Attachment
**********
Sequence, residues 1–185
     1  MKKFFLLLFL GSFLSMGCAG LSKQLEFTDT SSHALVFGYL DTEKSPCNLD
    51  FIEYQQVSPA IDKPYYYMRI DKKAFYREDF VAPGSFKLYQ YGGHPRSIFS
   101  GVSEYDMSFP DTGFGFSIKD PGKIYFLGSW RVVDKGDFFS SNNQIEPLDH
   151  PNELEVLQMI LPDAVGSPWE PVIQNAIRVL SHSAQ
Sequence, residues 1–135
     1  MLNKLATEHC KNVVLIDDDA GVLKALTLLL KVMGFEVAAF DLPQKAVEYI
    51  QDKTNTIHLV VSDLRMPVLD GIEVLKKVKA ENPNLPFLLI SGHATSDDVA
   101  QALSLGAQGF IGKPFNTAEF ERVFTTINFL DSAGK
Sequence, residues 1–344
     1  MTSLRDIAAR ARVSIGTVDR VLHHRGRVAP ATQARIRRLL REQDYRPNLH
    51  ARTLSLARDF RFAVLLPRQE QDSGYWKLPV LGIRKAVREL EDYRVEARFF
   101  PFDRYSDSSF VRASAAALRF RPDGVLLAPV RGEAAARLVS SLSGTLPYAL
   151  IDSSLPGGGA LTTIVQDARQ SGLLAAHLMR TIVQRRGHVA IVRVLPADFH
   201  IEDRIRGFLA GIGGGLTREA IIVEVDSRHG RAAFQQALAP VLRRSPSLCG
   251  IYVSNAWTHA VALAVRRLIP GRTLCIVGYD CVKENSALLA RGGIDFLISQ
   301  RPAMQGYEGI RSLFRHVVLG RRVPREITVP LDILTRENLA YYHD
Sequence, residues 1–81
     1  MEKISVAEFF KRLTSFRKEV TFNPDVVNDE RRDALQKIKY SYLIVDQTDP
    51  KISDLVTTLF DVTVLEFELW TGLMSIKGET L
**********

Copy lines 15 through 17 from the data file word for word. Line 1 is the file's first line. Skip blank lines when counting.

   201  IEDRIRGFLA GIGGGLTREA IIVEVDSRHG RAAFQQALAP VLRRSPSLCG
   251  IYVSNAWTHA VALAVRRLIP GRTLCIVGYD CVKENSALLA RGGIDFLISQ
   301  RPAMQGYEGI RSLFRHVVLG RRVPREITVP LDILTRENLA YYHD